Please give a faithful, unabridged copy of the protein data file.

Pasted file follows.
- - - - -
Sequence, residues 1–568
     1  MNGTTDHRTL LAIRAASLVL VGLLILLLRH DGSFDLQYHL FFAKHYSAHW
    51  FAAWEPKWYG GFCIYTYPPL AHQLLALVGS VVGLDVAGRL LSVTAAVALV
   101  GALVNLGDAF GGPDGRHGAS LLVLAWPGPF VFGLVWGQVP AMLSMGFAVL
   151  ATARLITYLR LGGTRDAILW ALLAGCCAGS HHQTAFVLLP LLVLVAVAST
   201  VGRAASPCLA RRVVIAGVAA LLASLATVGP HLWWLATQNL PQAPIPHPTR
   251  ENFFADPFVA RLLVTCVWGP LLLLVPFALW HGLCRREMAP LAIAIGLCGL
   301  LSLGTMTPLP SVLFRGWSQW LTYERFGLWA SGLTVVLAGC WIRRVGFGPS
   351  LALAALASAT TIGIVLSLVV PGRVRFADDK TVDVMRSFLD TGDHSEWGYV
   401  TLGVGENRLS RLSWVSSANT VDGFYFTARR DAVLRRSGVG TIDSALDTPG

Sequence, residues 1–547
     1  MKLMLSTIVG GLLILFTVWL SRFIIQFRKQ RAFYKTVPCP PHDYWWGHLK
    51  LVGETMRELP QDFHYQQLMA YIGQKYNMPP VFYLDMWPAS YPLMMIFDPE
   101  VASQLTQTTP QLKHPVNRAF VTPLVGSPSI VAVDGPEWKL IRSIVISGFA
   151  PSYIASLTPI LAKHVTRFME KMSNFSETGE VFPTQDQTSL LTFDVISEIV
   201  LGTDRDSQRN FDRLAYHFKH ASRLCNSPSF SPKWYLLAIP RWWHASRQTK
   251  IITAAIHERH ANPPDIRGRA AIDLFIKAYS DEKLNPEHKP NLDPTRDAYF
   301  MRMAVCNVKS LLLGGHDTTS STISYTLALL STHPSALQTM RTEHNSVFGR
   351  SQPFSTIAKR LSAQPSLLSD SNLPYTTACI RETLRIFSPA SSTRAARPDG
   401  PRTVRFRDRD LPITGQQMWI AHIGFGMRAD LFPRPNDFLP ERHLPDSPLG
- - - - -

Sequence, residues 1–568
     1  MNGTTDHRTL LAIRAASLVL VGLLILLLRH DGSFDLQYHL FFAKHYSAHW
    51  FAAWEPKWYG GFCIYTYPPL AHQLLALVGS VVGLDVAGRL LSVTAAVALV
   101  GALVNLGDAF GGPDGRHGAS LLVLAWPGPF VFGLVWGQVP AMLSMGFAVL
   151  ATARLITYLR LGGTRDAILW ALLAGCCAGS HHQTAFVLLP LLVLVAVAST
   201  VGRAASPCLA RRVVIAGVAA LLASLATVGP HLWWLATQNL PQAPIPHPTR
   251  ENFFADPFVA RLLVTCVWGP LLLLVPFALW HGLCRREMAP LAIAIGLCGL
   301  LSLGTMTPLP SVLFRGWSQW LTYERFGLWA SGLTVVLAGC WIRRVGFGPS
   351  LALAALASAT TIGIVLSLVV PGRVRFADDK TVDVMRSFLD TGDHSEWGYV
   401  TLGVGENRLS RLSWVSSANT VDGFYFTARR DAVLRRSGVG TIDSALDTPG

Sequence, residues 1–547
     1  MKLMLSTIVG GLLILFTVWL SRFIIQFRKQ RAFYKTVPCP PHDYWWGHLK
    51  LVGETMRELP QDFHYQQLMA YIGQKYNMPP VFYLDMWPAS YPLMMIFDPE
   101  VASQLTQTTP QLKHPVNRAF VTPLVGSPSI VAVDGPEWKL IRSIVISGFA
   151  PSYIASLTPI LAKHVTRFME KMSNFSETGE VFPTQDQTSL LTFDVISEIV
   201  LGTDRDSQRN FDRLAYHFKH ASRLCNSPSF SPKWYLLAIP RWWHASRQTK
   251  IITAAIHERH ANPPDIRGRA AIDLFIKAYS DEKLNPEHKP NLDPTRDAYF
   301  MRMAVCNVKS LLLGGHDTTS STISYTLALL STHPSALQTM RTEHNSVFGR
   351  SQPFSTIAKR LSAQPSLLSD SNLPYTTACI RETLRIFSPA SSTRAARPDG
   401  PRTVRFRDRD LPITGQQMWI AHIGFGMRAD LFPRPNDFLP ERHLPDSPLG